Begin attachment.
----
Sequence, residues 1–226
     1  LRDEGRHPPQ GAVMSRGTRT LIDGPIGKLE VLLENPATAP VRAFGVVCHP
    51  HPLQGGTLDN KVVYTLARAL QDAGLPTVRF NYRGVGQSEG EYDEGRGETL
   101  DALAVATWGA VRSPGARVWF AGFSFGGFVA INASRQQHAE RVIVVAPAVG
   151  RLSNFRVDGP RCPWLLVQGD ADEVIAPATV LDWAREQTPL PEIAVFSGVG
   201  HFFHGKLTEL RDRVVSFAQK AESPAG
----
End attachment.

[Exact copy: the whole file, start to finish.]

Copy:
Sequence, residues 1–226
     1  LRDEGRHPPQ GAVMSRGTRT LIDGPIGKLE VLLENPATAP VRAFGVVCHP
    51  HPLQGGTLDN KVVYTLARAL QDAGLPTVRF NYRGVGQSEG EYDEGRGETL
   101  DALAVATWGA VRSPGARVWF AGFSFGGFVA INASRQQHAE RVIVVAPAVG
   151  RLSNFRVDGP RCPWLLVQGD ADEVIAPATV LDWAREQTPL PEIAVFSGVG
   201  HFFHGKLTEL RDRVVSFAQK AESPAG